An article at The College Fix surveys 316 religious studies courses in a dozen major American universities and finds them pretty much devoid of any content that could be considered mainstream religious. Instead, what the researchers found were:
2 classes on witchcraft and shamanism;Some of the electives, the report says, are too difficult to even classify, such as: emergence, from biology to religion; suffering and transformation; anthropology of body and pain; religious dimensions in human experience; sport and spirituality; and a history of apocalyptic thought and movements.
2 classes on yoga and meditation;
3 classes on sex and religion;
3 classes on death and afterlife beliefs;
4 classes on religion and doubt/various conflicts;
5 classes on science and religion;
5 classes on mysticism;
12 classes on women/gender and religion; and
14 classes on religion and culture.
University of Colorado at Denver’s 40-plus religious studies classes include “whores and saints,” “theories of the universe,” “Freudian and Jungian perspectives in dream analysis,” and “spirituality and the modern world.” No electives focused exclusively on Jesus, however.Tne article goes on to describe the offerings at other schools similar to those at U. of Colorado. What the researchers didn't find in any of the schools surveyed were many courses that seriously addressed traditional Christianity, or the person of Jesus, who, despite the evident lack of academic interest in him, was easily the most influential individual to have ever lived.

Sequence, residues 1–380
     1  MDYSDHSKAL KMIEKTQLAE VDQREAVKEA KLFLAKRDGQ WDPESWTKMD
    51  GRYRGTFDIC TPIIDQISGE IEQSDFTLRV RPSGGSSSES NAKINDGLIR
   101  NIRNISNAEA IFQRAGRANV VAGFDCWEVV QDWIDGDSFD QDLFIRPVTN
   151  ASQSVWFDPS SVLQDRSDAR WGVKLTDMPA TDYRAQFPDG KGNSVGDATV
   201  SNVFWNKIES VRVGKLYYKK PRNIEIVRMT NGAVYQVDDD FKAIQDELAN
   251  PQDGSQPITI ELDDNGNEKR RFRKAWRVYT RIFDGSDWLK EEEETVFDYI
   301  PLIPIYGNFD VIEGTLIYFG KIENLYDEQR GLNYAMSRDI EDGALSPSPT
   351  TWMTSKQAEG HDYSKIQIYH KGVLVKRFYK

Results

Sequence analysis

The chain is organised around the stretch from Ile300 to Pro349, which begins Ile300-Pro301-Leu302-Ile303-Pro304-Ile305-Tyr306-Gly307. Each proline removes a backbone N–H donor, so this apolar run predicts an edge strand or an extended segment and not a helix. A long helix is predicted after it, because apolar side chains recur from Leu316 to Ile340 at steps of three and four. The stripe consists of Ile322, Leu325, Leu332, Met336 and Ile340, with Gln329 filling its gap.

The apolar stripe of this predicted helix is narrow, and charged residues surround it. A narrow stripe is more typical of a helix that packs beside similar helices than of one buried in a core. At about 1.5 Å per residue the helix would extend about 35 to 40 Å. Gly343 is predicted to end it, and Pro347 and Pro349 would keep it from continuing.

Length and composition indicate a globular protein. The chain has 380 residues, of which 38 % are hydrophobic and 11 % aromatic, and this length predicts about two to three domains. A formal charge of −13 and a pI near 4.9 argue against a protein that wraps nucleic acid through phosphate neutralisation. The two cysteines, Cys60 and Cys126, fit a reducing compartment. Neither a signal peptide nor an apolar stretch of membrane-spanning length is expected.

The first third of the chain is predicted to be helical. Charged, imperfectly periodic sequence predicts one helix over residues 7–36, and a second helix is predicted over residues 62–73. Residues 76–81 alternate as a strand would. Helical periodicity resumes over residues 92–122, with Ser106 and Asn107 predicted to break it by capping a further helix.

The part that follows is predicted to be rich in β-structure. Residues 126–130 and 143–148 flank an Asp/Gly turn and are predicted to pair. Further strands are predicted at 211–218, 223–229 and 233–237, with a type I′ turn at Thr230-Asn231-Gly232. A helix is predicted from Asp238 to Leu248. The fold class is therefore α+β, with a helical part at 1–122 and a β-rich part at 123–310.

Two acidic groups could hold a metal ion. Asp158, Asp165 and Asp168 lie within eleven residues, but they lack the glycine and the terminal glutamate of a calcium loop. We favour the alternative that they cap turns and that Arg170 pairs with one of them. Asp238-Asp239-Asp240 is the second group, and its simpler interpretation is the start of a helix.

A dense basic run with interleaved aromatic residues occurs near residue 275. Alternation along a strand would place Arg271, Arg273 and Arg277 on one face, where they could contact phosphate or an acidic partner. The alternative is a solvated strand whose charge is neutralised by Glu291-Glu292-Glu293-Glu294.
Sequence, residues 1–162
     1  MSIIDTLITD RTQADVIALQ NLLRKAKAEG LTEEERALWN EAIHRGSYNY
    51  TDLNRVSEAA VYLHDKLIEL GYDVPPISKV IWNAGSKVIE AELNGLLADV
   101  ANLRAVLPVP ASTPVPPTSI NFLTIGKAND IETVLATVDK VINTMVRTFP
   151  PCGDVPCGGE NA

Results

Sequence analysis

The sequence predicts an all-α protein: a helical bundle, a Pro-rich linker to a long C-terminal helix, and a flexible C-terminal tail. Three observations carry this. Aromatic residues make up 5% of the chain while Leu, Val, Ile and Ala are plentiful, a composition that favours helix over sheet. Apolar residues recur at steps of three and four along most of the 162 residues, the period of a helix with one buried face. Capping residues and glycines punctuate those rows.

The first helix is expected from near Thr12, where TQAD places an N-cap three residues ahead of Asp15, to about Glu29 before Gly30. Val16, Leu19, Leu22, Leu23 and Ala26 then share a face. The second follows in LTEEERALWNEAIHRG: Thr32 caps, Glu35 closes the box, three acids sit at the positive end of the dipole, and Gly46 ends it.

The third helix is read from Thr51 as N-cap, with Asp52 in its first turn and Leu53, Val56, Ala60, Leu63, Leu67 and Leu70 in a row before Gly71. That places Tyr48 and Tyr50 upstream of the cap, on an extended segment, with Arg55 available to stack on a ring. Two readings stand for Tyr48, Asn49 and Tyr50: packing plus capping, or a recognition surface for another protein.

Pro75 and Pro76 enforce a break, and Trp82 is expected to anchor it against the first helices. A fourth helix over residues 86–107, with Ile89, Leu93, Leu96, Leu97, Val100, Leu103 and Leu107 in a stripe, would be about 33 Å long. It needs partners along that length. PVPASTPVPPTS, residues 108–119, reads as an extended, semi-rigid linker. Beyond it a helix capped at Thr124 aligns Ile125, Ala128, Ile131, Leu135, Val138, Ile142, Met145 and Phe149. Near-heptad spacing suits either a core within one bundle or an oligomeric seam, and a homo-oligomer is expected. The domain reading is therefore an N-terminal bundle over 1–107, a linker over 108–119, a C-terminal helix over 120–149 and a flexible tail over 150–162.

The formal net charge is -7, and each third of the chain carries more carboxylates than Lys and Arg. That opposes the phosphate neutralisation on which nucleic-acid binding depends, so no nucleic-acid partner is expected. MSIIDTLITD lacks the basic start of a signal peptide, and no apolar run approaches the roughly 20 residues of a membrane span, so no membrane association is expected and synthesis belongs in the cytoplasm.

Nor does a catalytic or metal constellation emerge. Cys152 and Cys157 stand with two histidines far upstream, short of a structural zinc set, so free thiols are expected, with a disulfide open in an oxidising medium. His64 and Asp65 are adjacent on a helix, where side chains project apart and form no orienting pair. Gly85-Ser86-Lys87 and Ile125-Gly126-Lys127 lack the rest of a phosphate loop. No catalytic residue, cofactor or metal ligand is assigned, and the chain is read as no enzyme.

It's a shame that universities have wandered so far from their original mission to teach the "best that has been thought and written" in Western civilization. It's equally lamentable that people pay money to have their kids take such courses that neither nourish their minds nor teach them much of anything useful.